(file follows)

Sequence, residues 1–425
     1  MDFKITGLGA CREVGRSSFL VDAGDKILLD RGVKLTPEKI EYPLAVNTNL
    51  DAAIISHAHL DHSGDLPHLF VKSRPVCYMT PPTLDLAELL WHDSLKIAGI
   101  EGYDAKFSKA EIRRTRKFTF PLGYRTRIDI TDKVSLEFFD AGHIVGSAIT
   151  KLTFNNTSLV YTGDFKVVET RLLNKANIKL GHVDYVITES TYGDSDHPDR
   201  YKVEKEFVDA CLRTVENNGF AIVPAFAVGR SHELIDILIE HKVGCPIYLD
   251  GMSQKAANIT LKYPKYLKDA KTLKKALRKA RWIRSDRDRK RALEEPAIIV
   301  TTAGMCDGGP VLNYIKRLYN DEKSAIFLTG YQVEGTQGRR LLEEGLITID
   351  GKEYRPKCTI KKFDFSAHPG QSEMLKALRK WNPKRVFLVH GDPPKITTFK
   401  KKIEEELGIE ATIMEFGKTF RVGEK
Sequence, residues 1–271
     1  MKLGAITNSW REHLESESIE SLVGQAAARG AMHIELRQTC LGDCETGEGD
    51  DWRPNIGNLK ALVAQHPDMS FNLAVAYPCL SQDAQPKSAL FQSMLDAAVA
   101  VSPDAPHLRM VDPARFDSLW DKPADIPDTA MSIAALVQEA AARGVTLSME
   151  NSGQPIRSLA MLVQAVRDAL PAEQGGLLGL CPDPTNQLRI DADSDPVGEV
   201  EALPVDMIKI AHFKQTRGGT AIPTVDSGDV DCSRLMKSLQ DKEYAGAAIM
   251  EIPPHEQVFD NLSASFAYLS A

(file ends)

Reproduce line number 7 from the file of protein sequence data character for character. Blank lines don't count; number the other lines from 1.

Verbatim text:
   251  GMSQKAANIT LKYPKYLKDA KTLKKALRKA RWIRSDRDRK RALEEPAIIV